Yesterday I gave four questions to get us thinking purposefully about what we are doing with an illustration and where we are getting it from.

Here are two more questions that we need to consider:

5. Even if it is a good illustration, is it self-destructive? You might have a great idea for an illustration, but beware of some that self-destruct. Here are some to watch out for:

  • The Overpowering Illustration. If the emotional impact is too great, then people won’t hear the point, or even the sermon. (Details of your car crash, your surgery, your pet dog’s death, etc.)
  • The Morally Questionable Illustration. If the morality of your illustration raises concerns, then people won’t hear your point, or even the sermon. (It doesn’t have to be sinful to trigger this outcome – referencing some movies, or hobbies, etc., might trigger a “sin!” reflex in some of your listeners.)
  • The Complicated to Explain Illustration. If the backstory or complexity is such that it takes too much effort, then people might forget your actual point. (Many movie illustrations trigger this outcome – unless literally everyone knows the film, or the set-up can be really swift, it may be worth looking for something else.)
  • The Tribal Illustration. If the story elevates a sports team where the listeners may be tribal (some don’t like that team), or where some listeners are tired of sports illustrations, or if you push a political perspective or person (and some aren’t onboard with your perspective), then people will likely remember their reaction to this rather than the point you were making.

6. Are you missing the value of the non-illustration? Sometimes we can be so in the habit of finding illustrations for our preaching that we forget the value of the non-illustration. I don’t mean speaking in a monotonous complicated and academic lecture. I mean recognizing that sometimes the explanation of the context of a passage, or the presentation of the passage itself, can be so vivid and engaging that it feels like you are illustrating when actually you are not. Narratives tend to offer us the potential for powerful storytelling. Poetry tends to offer vivid imagery. Even the epistles sometimes offer illustrations built into the passage. Don’t rush to your illustration file before checking if the text can engage the listeners with a vivid presentation and a sense of resonating relevance.

Illustrating a sermon is not easy, but hopefully these questions might help. What else would you add?

6 Questions About Illustrations

Good preachers make illustration look effortless, but for most of us it can be a real struggle. Here are a few questions that I find helpful:

1. What’s the purpose of your illustration? Too many preachers default to simply adding in illustrations because there hasn’t been one for a few paragraphs, or because they think they should. It works much better to define your purpose. At this point in the message will your listeners be needing explanation to clarify the point you are making? Or will they need support to prove the point? Or perhaps application to picture themselves applying the point? Generally it is better to identify what you are trying to achieve and you will probably achieve it more successfully. Explain, prove, apply . . . or perhaps give a break in the intensity to allow them to re-group. Decide what is needed and then you are more likely to find it.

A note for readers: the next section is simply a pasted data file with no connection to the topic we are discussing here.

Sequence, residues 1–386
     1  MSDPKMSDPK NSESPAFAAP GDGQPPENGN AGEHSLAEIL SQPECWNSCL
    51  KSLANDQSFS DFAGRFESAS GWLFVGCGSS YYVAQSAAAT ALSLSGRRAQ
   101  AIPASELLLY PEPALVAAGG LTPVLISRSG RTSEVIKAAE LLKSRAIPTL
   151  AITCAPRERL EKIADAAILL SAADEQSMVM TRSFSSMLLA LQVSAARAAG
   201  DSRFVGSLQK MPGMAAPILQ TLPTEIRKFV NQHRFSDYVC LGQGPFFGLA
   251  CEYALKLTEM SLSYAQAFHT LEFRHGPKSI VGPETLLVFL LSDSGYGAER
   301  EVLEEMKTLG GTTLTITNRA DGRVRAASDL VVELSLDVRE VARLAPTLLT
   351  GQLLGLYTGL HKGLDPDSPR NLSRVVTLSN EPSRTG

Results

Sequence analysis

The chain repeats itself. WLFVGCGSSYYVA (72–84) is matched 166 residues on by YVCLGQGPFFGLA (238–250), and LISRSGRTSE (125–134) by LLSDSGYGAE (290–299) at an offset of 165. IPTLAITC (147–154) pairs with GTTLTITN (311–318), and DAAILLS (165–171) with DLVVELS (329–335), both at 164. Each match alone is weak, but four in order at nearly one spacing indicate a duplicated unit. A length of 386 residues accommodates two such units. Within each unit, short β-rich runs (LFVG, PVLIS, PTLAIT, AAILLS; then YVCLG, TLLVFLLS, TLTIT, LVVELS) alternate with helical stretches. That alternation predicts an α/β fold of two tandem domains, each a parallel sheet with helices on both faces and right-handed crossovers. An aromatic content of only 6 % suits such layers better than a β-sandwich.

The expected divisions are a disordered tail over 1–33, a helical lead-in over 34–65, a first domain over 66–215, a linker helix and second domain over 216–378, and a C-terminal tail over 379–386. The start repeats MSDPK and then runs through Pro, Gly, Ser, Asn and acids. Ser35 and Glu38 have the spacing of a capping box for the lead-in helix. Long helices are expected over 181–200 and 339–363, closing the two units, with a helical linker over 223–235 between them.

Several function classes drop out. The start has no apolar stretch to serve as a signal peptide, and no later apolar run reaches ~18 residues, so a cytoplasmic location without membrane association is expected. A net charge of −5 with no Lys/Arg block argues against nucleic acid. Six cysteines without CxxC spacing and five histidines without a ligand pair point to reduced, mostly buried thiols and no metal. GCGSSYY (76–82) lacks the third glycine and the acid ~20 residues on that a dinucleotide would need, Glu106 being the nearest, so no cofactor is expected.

2. Are you relying on their knowledge, or does it touch their experience? People will always connect more with what they have experienced than what they know. People are more likely to remember cross-country running at school than have experience of running in the Olympics. They know what it feels like to get stuck in traffic, but probably not what it feels like to step out of a spacecraft. Instead of going for the more exotic, consider if more mundane might connect better.

3.  Have they experienced it, or are they simply having to hear about yours? The best illustrative material tends to be experienced by both speaker and listener. It is easy for you to describe and easy for them to imagine. If this isn’t possible, then consider whether you can do the learning and speak of what they know personally, rather than always asking them to imagine what you have experienced personally. It won’t always be possible, but worth the effort when you can.

4. Are you falling into the laziest and weakest forms of illustration? There are plenty of illustrations that fall outside your experience and knowledge, and their experience and knowledge. The illustration anthologies are full of them. Obscure anecdotes and clever quotes from yesteryear. Wartime speeches, heroic moments, distant pithy quotes. Generally speaking these will seem far more effective on paper than they do in actual preaching. At the very least, can I suggest that if you love this kind of illustration then at least try to balance these with something more immediate and normal? (You may love your 1950’s football stories, or WWI trench poetry, but your listeners may not be so enthused.)

It takes work to illustrate well. Sometimes we have to go with something weaker than we’d prefer. That is preaching. But let’s try to do the best we can. (And tomorrow I will share the final two questions…)